Tips and tricks for getting your child or teen to sport their face covering with pride

By Alexandra Becker

More than likely, you don’t love wearing your mask. Even more probable? Your kids hate it. But the science is indisputable: face masks save lives. Not only do proper face coverings greatly reduce your risk of exposure to COVID-19, but they also protect those around you, and they are the single most important—and easiest—action we can all take to combat this pandemic.  

It’s a simple enough concept for adults, but getting kids on board may be another story altogether.  

Dr. Annamaria Macaluso Davidson, Associate Vice President of Medical Operations at Memorial Hermann Medical Group, explained that the strategy for helping kids to properly wear their face masks partly depends on the child’s age.

“For younger kids in preschool or kindergarten, it’s hard,” Davidson said. “It’s important for parents to model behavior, and The American Academy of Pediatrics (AAP) recommends that families practice wearing them at home before going out in public so children can get accustomed to them.” 

Davidson, who also practices at Memorial Hermann Occupational Medicine Cypress, said kids should be encouraged to hold their masks and play with them at home in an effort to familiarize themselves with them. Parents can also buy masks covered in bright colors or popular characters so they are more appealing, and if a child has a favorite toy or stuffed animal, putting the mask on them as an accessory could help normalize mask-wearing, too.

“It’s so helpful for younger kids to see them on others. For example, if they are back in a school setting and all the older students and teachers are wearing masks, that can be very persuasive,” Davidson said.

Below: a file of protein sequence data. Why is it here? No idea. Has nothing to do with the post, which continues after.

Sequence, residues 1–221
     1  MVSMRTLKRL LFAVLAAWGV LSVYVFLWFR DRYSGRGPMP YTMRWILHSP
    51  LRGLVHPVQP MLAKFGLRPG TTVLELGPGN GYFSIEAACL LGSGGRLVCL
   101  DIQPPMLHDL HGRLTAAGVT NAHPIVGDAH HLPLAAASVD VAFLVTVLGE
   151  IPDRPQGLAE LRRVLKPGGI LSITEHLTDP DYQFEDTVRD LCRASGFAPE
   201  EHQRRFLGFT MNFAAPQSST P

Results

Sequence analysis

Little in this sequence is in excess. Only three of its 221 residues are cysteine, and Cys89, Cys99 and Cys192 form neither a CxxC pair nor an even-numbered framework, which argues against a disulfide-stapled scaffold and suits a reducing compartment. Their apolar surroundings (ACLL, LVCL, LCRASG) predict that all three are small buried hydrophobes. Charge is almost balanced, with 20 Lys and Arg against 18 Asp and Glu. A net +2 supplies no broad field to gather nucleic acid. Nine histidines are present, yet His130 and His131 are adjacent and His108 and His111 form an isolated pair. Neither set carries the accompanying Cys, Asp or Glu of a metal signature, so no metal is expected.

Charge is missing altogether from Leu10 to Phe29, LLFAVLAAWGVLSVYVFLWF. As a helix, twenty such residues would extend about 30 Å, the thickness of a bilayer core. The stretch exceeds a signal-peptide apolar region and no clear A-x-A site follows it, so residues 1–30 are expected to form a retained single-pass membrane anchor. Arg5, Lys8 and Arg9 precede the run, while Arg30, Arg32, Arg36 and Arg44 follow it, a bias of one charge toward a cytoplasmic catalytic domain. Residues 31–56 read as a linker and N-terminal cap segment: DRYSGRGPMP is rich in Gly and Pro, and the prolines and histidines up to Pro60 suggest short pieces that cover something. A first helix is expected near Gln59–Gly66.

That same reasoning helps older kids and teens, who may be more inclined to break the rules but also follow trends. While the AAP recommends that all children over two should wear face masks, it is more important in older children. Literature has shown that the spread of infection is less in younger children, but that teens spread infection at similar rates to adults. 

“With older kids, reminding them that this won’t last forever can be useful,” Davidson noted. “This is a season; it seems like this is dragging on forever, but it will end one day. Just like the pandemic that occurred about 100 years ago, masks were worn for a period of time, and then the practice eased.”

Davidson also recommended reminding older kids that if everyone wears a mask, life could return to normal a lot sooner.

“Remind them that playing team sports, returning to in-person school or going to events like football games or the prom all depend on people consistently wearing masks,” she said.

Davidson added that while not all face masks are created equal, any face covering is better than nothing. The AAP has said surgical masks or masks with heavy fabric and multiple layers are better than thinner materials. Davidson also noted that neck gaiters are especially popular among older kids and teens because they are comfortable and have been deemed “cool,” and although there has been debate about their efficacy, she said that as long as they cover the nose and the mouth, they should be sufficient in most cases.

“You want to make sure the face covering fits well on the face, tight enough that it doesn’t slip down, and also make sure it covers your nose and your mouth, so ideally it goes under your chin,” she added. “You can also buy cloth masks that have pockets where you can insert charcoal filters.”

For teens who play sports, Davidson said that masks are still encouraged when possible, except during vigorous exercise, and that anyone congregated on the sidelines or in the stands should always wear face coverings.

“If you’re walking by yourself outside, then you don’t need a mask, but if you’re in public settings with lots of people and can’t social distance, masks are helpful,” she added.

Ultimately, just explaining to kids that wearing a mask helps others will resonate with many of them; just like superheroes use the tools and skills they have to save others, we, and our children, can do the same with our actions.

“By wearing our face coverings, we are all helping each other stay healthy,” Davidson said. “That’s the most important message of all.”

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